This past weekend Japanese youngster Ryosuke Nishida (4-0, 1) scored a brilliant win in just his 4th professional bout, beating former world champion Daigo Higa to become the new WBO Asia Pacific Bantamweight champion. The win put Nishida on the map in the eyes of many, and saw him building on his fantastic December victory over Shohei Omori, in what was itself a massive step up in class.
With solid back to back wins on his record, and world rankings heading his way following the win over Higa, questions will now turn to what is next for Nishida, who stated that he'd like to face WBO world champion Johnriel Casimero in the future. Whilst that fight seems unlikely for the time being, with Casimero scheduled to face Cuban Guillermo Rigondeaux, there are still a lot of interesting options for Nishida for later this year. We'll take a look at 5 of those as we give Nishida the "Five for..." treatment.
1-Joseph Agbeko (38-5, 28)
We're not totally sure who, involved with the WBO's brain trust, are in charge of their world rankings, but we can only assume that Joseph Agebeko's mother has a say as somehow the 44 year old from Ghana is their current #1 ranked Bantamweight. That's despite the fact his last win of actual note came close to a decade ago. For any Bantamweight interested in securing a WBO world title fight the logical move is to beat their #1 contender, and with Agbeko, inexplicably, being ranked #1 he needs to be seen as a very serious target for Nishida and the Muto Gym. Agbeko, at his best, was a fantastic fighter, but his best came back around 2010, when he was more than holding his own with Yohnny Perez, Vic Darchinyan and Abner Mares. Not in 2021 after wins against Gabriel Ochieng and Albert Commey. We suspect a lot of fighters are chasing a fighter with Agbeko, but a good offer to fight the 4-0 Nishida may tempt him over to the Land of the Rising sun.
2-Paul Butler (32-2, 15)
Sticking with the idea of the WBO rankings a potential fight to make would see Nishida take on Englishman Paul Butler, who is currently ranked #3 in the WBO rankings. Strangely this could be a relatively easy bout to make, especially out in the middle east or in the UK, as both men have connections with MTK Global, who work with Butler and also work with Muto Gym via "MTK Japan". With both men set to be highly ranked in the next WBO rankings, this would, for all intents, be a world title eliminator and could see the winner securing a potential showdown for the WBO title later in the year, or in 2022. On paper this is also a match up that Nishida should feel super confident in winning as well. Butler is certainly not a bad boxer but he struggled with the height, reach and southpaw stance of Zolani Tete, and Nishida is also a tall, rangy southpaw. Butler is a highly skilled boxer, but lacks power and at 32 is also heading to the end of his career.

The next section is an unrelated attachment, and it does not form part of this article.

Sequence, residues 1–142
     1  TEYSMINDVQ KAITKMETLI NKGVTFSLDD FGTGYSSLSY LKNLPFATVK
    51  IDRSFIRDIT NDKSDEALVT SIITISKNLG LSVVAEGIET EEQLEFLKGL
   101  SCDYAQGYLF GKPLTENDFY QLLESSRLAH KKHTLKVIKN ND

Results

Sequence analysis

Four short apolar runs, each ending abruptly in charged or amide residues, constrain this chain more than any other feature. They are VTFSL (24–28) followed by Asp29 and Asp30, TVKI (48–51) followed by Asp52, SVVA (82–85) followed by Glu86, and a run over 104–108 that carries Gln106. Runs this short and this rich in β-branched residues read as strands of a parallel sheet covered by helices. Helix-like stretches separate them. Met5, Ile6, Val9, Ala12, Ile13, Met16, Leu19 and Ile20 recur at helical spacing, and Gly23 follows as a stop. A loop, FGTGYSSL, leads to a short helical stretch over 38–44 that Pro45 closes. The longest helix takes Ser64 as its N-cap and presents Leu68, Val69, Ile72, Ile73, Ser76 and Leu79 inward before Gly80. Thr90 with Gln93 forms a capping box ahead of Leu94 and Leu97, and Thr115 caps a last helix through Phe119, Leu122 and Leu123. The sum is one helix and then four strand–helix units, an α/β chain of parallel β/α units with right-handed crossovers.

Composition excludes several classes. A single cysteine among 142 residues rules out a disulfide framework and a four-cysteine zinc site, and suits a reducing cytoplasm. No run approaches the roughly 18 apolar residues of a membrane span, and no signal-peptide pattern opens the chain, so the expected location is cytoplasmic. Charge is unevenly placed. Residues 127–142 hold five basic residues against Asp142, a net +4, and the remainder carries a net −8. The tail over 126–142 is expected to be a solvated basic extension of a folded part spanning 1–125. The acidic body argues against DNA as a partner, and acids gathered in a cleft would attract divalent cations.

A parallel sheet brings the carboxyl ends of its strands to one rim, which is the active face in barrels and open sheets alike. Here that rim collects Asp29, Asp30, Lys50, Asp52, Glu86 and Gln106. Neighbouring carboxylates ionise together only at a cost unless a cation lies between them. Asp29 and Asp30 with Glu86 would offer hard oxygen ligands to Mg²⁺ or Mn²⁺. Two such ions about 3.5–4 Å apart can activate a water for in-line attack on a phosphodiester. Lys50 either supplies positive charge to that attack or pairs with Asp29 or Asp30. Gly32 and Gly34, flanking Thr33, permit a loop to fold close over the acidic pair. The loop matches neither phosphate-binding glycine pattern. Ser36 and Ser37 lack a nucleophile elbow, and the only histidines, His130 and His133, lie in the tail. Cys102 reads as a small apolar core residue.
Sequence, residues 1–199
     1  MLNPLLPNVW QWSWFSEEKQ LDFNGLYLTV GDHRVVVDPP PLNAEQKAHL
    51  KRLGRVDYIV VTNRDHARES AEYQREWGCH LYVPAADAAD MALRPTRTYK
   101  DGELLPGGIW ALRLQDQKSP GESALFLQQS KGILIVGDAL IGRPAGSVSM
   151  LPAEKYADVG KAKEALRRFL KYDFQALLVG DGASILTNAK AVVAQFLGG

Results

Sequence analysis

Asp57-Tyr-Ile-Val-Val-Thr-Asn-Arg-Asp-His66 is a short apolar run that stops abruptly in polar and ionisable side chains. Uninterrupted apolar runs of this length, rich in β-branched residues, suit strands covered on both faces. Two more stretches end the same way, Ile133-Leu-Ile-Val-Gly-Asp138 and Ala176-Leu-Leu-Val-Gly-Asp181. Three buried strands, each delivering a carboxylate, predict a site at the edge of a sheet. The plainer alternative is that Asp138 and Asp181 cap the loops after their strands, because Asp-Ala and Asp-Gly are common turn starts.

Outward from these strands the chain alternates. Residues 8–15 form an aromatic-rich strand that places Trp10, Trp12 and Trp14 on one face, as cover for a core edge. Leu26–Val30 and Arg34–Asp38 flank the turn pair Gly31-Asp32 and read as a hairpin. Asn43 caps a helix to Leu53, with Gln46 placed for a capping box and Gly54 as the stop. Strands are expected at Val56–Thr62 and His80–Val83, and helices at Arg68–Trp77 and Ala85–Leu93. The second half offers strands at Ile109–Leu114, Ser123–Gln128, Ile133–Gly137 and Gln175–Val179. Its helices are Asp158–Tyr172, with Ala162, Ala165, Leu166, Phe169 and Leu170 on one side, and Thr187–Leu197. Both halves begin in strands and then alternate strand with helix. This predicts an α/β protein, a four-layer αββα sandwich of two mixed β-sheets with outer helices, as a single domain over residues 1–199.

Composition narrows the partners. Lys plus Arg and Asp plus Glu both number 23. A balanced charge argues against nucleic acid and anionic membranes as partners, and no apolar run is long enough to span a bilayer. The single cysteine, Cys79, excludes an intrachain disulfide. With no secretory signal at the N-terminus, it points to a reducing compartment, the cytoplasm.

3-Takuma Inoue (14-1, 3)
At the moment getting international fighters into Japan is a major issue, and as a result we may need to look to Japan for a few potential opponents. The reality right now is that many of the top Japanese Bantamweights are already scheduled for bouts. This includes Naoya Inoue, pencilled in for June 19th, Kai Chiba, Ikuro Sadatsune, Kyosuke Sawada and Kazuki Nakajima. This leaves very few potential domestic opponents for Nishida with the most interesting being Takuma Inoue, the younger brother of Naoya Inoue. At the moment Takuma is also looking to move towards a world title fight and given Nishida's win it's fair to say a clash between the two would be regarded as a world title eliminator. On paper it wouldn't be the most explosive of bouts but would be a huge bout for Japan and one between two very technically skilled fighters. Maybe not the bout either man wants, but one that the two men could certainly make and one that would seriously enhance the winner's profile.
4-Sho Ishida (29-2, 15)
Another potential Japanese option for Nishida would be Sho Ishida, who has openly stated he's happy to fight at either Super Flyweight or Bantamweight, and is a former world title challenger. Ishida would be a very similar size to Nishida, and is a very accomplished fighter himself, with a very technical style, an excellent jab, good footwork and a rather frustrating style at times. The bout would be a test for Nishida, and a chance to see if he can work out the jab of Ishida, and it would also serve as a real test to see what Ishida's future in the sport really is. A win for Nishida would see him taking a step towards a world title fight, and be another respectable win at this early stage of his career, whilst a win for Ishida would revitalise his career after a few disappointing years.
And lets not ignore the fact it would be rather fun to see Ishida Vs Nishida being written out!
5-Lee McGregor (10-0, 8)